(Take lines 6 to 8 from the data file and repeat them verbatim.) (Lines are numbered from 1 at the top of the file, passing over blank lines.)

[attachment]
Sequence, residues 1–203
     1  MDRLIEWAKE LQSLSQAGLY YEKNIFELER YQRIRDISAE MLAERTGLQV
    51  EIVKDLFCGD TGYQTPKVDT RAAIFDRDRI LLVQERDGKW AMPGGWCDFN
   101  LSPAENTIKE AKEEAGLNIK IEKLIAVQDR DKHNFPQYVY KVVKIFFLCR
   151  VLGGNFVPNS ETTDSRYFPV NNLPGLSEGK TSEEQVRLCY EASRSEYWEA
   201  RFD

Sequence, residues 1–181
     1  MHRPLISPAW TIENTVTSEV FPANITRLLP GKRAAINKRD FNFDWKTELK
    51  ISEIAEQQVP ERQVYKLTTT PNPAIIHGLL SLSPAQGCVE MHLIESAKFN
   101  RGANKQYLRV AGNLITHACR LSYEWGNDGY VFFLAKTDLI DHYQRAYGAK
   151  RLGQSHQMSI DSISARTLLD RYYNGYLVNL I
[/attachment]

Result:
   201  RFD

Sequence, residues 1–181
     1  MHRPLISPAW TIENTVTSEV FPANITRLLP GKRAAINKRD FNFDWKTELK